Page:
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Spot makes strange dwarf planet even stranger

Astronomers have detected what appears to be an organic-rich red spot on a dwarf planet already known for its unusual shape and fast spin.
Image: Haumea's red spot
A series of images shows how Haumea's red spot changes position as the dwarf planet rotates.P. Lacerda
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A dwarf planet in our solar system, called Haumea, is known for its unusual shape and fast spin. Now astronomers have discovered another distinguishing feature: a dark red spot which appears to be richer in minerals and organic compounds than the surrounding icy surface.

Haumea, discovered in 2004, orbits the sun beyond Neptune, in a region known as the Kuiper Belt. It is classified as a dwarf planet — a celestial body that is big enough to have been rounded by its own gravity, but which has not cleared its orbital region of similar objects. The International Astronomical Union has designated four other bodies as dwarf planets: Ceres, Pluto, Eris and Makemake. Haumea is the fourth-largest dwarf planet.

Haumea is also the fastest-spinning large object in the solar system — one day on Haumea is equal to about 3.9 hours on Earth. This rapid rotation distorts Haumea, elongating it into a football-like shape.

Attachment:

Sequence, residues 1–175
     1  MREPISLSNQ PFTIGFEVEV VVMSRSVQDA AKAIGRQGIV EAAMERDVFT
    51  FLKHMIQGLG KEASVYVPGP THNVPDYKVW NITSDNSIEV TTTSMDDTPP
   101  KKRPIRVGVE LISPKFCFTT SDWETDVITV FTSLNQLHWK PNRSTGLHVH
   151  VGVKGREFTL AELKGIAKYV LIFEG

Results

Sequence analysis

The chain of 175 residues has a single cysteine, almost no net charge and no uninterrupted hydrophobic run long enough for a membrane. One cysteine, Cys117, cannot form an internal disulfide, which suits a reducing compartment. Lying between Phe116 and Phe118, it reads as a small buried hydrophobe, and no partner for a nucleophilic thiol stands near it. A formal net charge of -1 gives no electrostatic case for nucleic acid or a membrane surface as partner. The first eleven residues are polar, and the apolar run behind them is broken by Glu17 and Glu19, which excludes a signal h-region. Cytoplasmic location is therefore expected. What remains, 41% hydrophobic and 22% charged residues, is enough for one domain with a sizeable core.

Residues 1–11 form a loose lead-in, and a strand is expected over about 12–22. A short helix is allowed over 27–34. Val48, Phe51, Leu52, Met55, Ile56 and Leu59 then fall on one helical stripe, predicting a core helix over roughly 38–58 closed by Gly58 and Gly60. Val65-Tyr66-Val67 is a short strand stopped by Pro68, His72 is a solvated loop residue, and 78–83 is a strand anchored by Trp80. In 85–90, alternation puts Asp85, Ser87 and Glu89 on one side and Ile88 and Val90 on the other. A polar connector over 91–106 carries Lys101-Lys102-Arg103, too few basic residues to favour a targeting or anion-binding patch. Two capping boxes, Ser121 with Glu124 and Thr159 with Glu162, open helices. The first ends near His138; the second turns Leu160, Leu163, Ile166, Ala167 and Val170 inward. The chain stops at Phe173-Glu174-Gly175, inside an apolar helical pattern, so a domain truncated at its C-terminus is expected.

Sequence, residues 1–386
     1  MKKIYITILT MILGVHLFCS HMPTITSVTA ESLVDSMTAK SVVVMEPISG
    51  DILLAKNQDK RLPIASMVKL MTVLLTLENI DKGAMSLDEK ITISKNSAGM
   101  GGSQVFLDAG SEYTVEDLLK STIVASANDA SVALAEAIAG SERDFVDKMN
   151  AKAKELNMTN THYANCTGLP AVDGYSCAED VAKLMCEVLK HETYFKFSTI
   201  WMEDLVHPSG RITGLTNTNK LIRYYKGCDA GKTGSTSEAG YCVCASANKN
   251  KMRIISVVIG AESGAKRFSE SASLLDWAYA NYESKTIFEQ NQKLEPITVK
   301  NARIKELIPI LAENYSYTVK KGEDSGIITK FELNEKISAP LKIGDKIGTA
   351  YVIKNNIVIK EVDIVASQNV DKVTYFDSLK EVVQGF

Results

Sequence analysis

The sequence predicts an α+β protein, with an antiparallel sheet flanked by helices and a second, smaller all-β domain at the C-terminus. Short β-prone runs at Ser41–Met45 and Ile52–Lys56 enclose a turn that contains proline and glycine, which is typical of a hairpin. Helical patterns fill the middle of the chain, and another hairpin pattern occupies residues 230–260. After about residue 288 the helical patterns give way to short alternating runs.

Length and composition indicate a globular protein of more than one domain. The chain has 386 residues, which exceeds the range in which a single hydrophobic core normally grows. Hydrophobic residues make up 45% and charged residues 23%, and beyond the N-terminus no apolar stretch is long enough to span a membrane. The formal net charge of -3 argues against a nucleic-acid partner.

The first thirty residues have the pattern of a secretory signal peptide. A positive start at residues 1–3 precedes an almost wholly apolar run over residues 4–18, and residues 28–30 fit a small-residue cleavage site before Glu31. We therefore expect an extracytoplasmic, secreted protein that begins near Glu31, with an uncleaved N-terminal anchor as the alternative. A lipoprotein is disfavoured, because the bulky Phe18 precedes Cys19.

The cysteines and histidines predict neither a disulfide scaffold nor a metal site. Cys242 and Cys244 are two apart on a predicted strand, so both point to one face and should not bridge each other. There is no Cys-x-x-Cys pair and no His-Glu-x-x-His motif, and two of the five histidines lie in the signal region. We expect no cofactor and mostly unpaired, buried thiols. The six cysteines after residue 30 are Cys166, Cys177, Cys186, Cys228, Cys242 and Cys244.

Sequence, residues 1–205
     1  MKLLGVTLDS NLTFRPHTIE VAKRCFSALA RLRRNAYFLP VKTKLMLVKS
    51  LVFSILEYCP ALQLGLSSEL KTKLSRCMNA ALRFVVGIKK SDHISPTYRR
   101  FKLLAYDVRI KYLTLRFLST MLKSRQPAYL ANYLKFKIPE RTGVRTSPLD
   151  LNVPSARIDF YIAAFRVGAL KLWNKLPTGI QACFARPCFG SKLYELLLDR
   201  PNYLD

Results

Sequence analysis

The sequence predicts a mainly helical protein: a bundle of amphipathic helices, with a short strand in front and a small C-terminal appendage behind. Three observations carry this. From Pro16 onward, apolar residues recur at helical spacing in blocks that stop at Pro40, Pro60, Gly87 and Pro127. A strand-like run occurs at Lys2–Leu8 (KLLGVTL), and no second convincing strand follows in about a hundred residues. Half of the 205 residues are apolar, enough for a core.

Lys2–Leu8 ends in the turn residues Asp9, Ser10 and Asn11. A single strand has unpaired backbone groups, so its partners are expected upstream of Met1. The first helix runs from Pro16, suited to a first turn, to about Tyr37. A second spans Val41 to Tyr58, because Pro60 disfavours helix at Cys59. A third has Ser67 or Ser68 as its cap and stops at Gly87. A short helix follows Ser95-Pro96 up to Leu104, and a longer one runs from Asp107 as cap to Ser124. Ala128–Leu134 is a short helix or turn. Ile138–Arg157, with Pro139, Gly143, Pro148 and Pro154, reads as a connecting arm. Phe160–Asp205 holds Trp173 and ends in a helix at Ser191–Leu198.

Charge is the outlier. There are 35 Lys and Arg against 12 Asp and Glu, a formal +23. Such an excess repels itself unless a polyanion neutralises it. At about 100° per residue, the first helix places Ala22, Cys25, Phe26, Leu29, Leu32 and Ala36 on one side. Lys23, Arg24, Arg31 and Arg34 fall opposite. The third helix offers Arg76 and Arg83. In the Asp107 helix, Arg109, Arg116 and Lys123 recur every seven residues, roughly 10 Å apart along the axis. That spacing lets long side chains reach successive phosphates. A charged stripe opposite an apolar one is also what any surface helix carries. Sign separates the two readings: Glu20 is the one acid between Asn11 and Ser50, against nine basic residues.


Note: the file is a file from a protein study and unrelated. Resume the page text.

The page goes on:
Most of what we know about this object was determined from studying variations in its brightness, called a "light curve." And it is through examination of this light curve that scientists have found the dark spot.

"The two brightness maxima and the two minima of the light curve are not exactly equal, as would be expected from a uniform surface," said Pedro Lacerda of Queen's University Belfast. "This indicates the presence of a dark spot on the otherwise bright surface."

Additionally, the light curve is not exactly the same shape in all wavelengths. Small but persistent differences indicate that the dark spot is slightly redder in visible light and slightly bluer at infrared wavelengths.

"Our very first measurements of Haumea already told us there was a spot on the surface, but it was only when we got the infrared data that we were able to begin to understand what the spot might be," Lacerda said.

While the origin of the spot is unknown, possible interpretations of these measurements are that the spot is richer in minerals and organic compounds, or that it contains a higher fraction of crystalline ice. If the spot is a scar of a recent impact, then the spot material might resemble the composition of the impactor, perhaps mixed with material from the inner layers of Haumea.

Lacerda will present the discovery Wednesday at the European Planetary Science Congress in Potsdam, Germany.

New observations of this spot are planned for early 2010 using the ESO Very Large Telescope. "Now we will get detailed spectroscopy of the spot to hopefully identify its chemical composition and solve the puzzle of its origin" Lacerda concluded.